‘Red Racing’ Dial 145.012-67 Omega Speedmaster

This is something of a final boss for those who worship at the altar of Moonwatch. It’s known as the ‘Red Racing’ or sometimes ‘Black Racing’, as both colors are distinct to this dial. There are two iterations, with and without a professional line, and fewer than 10 examples of each are known. For many years these were so scarce that they were assumed prototypes, some even thought they were fugazi. But no, this a production Speedmaster, just so extraordinarily rare that they’re chasing values around 100K USD regularly. WTF?

Late 60s and early 70s racing dials are a highly collected category of Speedmaster with colorful accents and fun chronograph seconds tracks. Mostly, these watches have grey dials with orange accents, in 145.022 and 145.012. But, more scarce than either, there are these vanishingly rare 145.012 black dials with red accents. Unlike most Speedmasters the variant without the professional line appears more collected in these, such as this example.

When a bunch of watch nerds collaborate and get together on the internet, it’s almost an emergent phenomena that people start looking for rare and more strange iterations of watches as means to demonstrate their knowledge to the in group. The value of this behavior is debatable. But it does push the edges of scholarship and knowledge out just slightly. The Red Racing is one such watch, a Speedmaster that even most Speedmaster people are not going to be aware of. Combine this with near-prototype scarcity and its a recipe for a very interesting market. I also appreciate the fact that this is a Speedmaster seen through a very different lens, not as much a Moonwatch as a racing watch, which was what the original design brief intended.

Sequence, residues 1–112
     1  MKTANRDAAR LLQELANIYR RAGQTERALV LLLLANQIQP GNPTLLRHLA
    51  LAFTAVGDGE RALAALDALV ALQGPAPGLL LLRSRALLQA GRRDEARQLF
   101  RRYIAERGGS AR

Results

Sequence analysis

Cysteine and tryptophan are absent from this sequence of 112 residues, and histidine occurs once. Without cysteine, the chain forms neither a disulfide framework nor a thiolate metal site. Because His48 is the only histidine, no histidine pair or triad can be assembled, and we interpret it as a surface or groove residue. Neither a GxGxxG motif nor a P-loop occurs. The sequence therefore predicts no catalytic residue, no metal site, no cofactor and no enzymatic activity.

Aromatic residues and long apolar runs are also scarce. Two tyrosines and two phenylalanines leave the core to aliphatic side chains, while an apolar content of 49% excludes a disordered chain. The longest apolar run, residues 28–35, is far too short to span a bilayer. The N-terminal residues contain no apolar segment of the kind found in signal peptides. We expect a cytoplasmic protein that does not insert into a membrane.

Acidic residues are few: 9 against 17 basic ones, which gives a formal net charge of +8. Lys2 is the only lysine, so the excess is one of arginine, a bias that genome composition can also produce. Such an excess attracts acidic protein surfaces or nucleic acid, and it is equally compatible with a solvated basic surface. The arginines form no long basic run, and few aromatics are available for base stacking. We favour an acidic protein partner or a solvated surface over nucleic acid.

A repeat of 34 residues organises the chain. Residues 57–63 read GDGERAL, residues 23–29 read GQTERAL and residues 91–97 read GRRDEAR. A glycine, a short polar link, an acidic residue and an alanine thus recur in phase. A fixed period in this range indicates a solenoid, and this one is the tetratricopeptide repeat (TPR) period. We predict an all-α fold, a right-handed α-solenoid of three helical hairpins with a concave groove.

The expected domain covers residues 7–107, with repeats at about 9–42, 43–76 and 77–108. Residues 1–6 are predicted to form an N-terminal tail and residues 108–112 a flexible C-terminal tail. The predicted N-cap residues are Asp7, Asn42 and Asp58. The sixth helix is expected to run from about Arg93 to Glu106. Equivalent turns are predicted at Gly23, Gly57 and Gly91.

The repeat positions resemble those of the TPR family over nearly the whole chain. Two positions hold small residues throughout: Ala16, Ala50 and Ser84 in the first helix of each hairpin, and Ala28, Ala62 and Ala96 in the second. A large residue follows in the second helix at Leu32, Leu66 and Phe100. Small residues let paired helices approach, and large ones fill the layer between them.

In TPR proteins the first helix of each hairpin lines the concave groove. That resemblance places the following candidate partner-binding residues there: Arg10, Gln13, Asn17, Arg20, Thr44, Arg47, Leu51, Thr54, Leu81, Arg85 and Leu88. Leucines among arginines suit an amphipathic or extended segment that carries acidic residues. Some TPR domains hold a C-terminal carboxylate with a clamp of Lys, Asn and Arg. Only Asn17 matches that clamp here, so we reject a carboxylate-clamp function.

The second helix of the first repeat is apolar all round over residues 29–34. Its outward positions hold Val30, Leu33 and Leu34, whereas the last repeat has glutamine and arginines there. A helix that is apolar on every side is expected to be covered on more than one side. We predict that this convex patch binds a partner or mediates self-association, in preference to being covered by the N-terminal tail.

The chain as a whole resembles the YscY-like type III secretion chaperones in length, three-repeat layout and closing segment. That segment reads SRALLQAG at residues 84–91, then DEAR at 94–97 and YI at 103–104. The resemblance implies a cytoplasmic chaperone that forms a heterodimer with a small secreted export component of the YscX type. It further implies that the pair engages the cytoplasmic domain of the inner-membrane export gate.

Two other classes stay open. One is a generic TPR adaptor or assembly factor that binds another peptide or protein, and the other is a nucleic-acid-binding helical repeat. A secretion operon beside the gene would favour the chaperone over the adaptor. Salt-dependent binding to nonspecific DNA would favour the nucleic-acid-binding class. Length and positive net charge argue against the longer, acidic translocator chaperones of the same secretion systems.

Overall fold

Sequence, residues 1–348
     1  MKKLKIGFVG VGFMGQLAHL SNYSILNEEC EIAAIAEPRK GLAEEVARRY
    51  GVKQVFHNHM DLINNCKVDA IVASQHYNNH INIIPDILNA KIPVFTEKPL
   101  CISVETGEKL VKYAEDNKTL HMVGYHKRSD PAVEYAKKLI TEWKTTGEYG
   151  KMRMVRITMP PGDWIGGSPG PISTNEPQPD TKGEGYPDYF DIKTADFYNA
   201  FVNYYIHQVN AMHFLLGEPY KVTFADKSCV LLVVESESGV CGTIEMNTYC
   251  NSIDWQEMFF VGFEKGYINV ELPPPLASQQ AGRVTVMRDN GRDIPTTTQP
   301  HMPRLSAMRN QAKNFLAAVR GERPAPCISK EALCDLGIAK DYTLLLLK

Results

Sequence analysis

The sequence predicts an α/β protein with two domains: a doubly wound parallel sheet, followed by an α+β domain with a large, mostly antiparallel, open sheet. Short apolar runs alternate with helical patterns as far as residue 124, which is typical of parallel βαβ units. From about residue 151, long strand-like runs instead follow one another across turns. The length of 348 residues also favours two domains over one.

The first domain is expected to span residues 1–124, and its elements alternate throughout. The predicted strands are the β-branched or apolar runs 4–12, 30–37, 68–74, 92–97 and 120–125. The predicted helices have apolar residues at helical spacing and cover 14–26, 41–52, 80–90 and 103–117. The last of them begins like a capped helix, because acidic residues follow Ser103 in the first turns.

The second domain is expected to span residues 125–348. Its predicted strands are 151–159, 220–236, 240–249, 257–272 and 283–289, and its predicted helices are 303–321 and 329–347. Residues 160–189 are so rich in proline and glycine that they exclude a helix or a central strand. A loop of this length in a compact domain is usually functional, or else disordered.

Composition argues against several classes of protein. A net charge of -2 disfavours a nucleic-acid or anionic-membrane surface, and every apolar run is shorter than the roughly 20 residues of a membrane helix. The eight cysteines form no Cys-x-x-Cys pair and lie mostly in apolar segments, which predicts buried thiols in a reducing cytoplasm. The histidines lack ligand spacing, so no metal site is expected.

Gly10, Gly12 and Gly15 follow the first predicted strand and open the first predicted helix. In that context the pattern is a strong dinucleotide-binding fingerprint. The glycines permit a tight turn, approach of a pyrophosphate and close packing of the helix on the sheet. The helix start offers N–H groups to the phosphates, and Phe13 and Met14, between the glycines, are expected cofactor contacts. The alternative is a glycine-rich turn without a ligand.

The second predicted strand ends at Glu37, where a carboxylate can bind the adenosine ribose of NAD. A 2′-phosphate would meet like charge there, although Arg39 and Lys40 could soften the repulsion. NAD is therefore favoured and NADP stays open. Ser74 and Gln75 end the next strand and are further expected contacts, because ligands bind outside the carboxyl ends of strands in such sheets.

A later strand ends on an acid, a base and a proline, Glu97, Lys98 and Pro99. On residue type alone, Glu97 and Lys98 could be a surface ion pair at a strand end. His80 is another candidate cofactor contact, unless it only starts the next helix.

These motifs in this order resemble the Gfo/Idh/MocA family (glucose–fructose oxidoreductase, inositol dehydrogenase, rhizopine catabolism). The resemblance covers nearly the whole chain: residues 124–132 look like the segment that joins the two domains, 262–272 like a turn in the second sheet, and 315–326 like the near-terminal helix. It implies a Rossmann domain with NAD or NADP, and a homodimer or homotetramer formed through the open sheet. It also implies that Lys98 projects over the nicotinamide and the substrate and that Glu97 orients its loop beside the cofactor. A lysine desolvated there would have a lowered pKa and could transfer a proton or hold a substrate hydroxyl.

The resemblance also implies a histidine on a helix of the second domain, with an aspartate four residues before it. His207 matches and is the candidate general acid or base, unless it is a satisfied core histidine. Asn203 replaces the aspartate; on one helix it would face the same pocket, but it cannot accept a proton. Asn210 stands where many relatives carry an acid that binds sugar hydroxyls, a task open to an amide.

Last year was a down overall but a great year for these. Antiquorum sold one last year, non-pro dial, at an astonishing 206K USD. Phillips sold two the same year, one at 63K and one at 97K. In ’21, Sotheby’s hit 94.5K with the only Meister signed dial known and then sold a standout pro dial for 88K. This is all put in context by Phillips result in 2018, just 45K. This is a watch that’s becoming that final boss to many, those who know and appreciate Speedmaster on a very high level. Think of it being positioned market-wise right now as the Milsub was in 2014. Not from a value perspective, but that it’s every bit as rare, very significant, and just starting to be widely known by those who don’t frequent Omega Forums.


This example is impressively preserved, better than many of the examples we’ve seen auction for higher sums than the ask here. There is no visible damage to the dial. Its tritium is bright, a bit lighter than the hands which have a deep cream, but that’s very likely normal here. It’s all in a strong HF case on a flat link 1039/516. It’s lovely, and comes with an extract from Omega and its original box from a well-regarded French retailer.